Bev had not had a good trot healthwise. She’d had heart problems and diabetes and, by all accounts, wasn’t a good patient. Some years ago she had been scheduled to have a quadruple (?) bypass, but the doctors decided there was not enough healthy tissue to make it feasible. She did have a valve or something implanted though, and she’d talk about how it kept her awake some nights because it was so noisy - especially on quiet Toowoomba nights (and they all are!). I was just thinking about her lying there in the darkness, listening, in her big green house, and remembered that she may have not always been lucky in love, but she had the luck to win a share of $100,000 enough years ago that that was a decent amount of money, and certainly a fair-sized whack on a mortgage.
My elder brother phoned last night to see if I'd heard the news and to say that he'd 'shared a drink' with Bev during the afternoon. And he'd remembered/realised what a caring, fun person she was.
I've been remembering her too - the stories of the skeleton and kittens, the UFOs, the marmalade cat, Lorna Doone (the book), cracker nights, long sessions around the kitchen table with pot after pot of tea, Christmasitis, and visits in hospital (''I can't give up salt - it doesn't taste the same".)
Bev's funeral is on Thursday afternoon. I've heard that 6 white doves will be released as part of the ceremony - one for each of her six children (two deceased). Although people say that parents should not outlive their children - I wonder if a reunion in the next realm (if such a thing exists) eases the pain of the loss at all?


My niece and nephew gave us a goldfish for Christmas. We had thought about calling him Nemo (even though he wasn’t a clown fish), then decided on a combination of their and their parents’ names (first two initials) WaKiJaMa (as in Whacky Jama). But then, we started calling him Nemo anyway, so that stuck.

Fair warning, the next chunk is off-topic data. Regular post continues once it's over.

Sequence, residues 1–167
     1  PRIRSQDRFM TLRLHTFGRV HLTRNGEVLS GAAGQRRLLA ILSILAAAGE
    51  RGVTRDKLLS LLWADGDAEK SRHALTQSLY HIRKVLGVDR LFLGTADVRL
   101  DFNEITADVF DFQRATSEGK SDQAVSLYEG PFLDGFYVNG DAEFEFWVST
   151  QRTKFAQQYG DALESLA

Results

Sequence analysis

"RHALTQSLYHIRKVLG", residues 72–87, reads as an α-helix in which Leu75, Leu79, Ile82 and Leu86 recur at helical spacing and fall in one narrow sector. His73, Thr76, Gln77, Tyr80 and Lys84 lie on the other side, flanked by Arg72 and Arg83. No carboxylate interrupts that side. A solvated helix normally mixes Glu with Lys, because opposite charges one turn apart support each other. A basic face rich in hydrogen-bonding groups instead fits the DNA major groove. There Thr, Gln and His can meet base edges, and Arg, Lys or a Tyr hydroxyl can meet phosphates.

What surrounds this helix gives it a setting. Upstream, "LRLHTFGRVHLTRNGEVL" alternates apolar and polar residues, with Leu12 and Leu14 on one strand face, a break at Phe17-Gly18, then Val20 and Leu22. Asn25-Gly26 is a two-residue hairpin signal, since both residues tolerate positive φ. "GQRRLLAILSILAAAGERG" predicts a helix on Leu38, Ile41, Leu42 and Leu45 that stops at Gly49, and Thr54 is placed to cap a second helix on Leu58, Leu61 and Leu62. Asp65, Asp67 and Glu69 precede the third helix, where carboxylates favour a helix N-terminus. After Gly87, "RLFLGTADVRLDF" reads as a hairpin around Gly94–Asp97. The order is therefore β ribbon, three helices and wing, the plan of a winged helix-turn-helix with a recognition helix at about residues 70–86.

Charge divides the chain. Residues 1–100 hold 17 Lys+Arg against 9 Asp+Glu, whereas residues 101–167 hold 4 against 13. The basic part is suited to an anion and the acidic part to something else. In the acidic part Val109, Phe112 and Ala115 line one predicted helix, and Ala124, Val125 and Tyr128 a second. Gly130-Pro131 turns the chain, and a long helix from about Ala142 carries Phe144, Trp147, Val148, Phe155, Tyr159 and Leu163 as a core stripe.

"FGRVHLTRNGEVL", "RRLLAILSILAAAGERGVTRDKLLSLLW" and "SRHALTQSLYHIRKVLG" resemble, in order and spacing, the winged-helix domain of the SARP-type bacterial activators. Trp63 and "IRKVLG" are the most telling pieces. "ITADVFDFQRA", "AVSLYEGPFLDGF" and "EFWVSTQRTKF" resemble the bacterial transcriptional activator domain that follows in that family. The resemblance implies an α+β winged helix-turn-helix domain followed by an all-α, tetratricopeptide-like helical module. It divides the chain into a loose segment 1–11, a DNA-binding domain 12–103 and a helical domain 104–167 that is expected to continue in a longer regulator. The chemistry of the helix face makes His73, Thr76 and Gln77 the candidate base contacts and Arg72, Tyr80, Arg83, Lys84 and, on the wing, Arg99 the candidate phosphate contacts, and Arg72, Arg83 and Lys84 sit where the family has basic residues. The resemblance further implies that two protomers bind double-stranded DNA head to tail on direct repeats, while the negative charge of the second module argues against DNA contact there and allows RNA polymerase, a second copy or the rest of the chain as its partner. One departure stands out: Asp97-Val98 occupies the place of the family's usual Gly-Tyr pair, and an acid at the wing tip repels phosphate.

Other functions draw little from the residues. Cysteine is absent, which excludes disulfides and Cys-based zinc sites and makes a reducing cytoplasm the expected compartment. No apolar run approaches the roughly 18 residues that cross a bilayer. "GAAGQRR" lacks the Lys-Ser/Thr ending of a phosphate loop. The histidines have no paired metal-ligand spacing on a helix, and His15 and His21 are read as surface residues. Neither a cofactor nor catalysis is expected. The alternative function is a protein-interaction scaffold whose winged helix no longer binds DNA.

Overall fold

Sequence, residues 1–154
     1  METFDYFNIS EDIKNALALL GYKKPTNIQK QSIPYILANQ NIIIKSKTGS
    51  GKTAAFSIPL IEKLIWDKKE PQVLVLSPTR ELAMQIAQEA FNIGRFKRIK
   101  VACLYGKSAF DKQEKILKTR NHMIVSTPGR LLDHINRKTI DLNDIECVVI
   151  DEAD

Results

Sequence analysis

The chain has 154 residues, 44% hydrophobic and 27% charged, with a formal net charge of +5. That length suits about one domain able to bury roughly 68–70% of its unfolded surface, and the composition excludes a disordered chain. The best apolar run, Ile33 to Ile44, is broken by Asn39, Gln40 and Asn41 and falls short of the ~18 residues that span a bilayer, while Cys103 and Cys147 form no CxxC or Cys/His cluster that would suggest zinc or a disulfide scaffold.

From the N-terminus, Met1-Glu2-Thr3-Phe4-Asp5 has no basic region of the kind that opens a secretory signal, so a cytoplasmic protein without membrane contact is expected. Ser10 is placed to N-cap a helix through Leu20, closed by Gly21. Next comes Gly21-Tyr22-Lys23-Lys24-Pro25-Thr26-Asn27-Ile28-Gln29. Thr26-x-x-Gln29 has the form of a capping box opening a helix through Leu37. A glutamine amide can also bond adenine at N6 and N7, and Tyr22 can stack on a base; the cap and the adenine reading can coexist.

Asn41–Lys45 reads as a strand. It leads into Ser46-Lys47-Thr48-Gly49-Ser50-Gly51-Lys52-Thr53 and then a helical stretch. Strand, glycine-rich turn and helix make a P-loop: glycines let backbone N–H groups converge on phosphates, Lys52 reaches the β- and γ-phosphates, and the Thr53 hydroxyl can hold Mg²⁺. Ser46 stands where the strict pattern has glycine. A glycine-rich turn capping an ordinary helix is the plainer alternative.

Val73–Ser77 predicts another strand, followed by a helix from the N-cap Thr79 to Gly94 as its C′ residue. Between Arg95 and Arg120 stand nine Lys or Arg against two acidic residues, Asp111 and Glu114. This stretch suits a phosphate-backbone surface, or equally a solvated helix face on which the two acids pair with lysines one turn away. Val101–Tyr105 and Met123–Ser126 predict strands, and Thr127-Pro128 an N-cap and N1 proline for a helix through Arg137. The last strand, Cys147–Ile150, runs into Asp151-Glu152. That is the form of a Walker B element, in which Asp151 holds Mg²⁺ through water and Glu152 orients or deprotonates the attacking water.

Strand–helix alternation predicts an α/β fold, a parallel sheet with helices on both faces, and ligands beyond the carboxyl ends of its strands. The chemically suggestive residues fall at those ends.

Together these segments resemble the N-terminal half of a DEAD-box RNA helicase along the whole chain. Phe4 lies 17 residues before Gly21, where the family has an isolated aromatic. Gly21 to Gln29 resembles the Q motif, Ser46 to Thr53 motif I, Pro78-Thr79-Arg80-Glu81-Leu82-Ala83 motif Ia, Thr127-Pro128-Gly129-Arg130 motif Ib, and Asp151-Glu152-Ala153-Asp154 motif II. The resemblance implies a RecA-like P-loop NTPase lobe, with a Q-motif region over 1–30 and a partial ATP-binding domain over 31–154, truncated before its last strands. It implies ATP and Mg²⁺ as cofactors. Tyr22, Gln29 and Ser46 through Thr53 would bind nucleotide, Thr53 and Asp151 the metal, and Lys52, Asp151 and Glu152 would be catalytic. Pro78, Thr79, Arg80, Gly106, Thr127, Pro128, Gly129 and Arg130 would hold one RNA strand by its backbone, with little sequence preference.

Nemo came complete with weed, water, food and an acrylic bowl which could be fixed to the wall, thus keeping him out of the way of our two cats – unless they found a way to phwup phwup phwup (with suction cups on their paws) their way up the wall.
On the one and a half hour drive back to Sydney from my brother’s place, we determined that we wouldn’t get attached to Nemo. But that wasn’t possible. Especially when he swam over and looked up at you at feeding time.
So we took our new drill out and drilled him to the wall – well, his bowl. (Note to self: start with the smaller drill bits next time!)
Life went on. We incorporated Nemo’s schedule into our own, feeding him in the afternoon, cleaning out his bowl regularly, saying hello as we walked past. It should have been a good life for him – and maybe it was – but it was short. Too short. We found him floating upside down in his bowl earlier this week. Not quite sure what happened except that he had seemed perfectly well the night before at feeding time. He had eaten, as always, with much gusto. And there hadn’t been a peep out of him during the night.
So, even though, as the Encyclopedia Encarta advises that Gold Fish can live to be 40 years old, after only a month, Nemo is no more.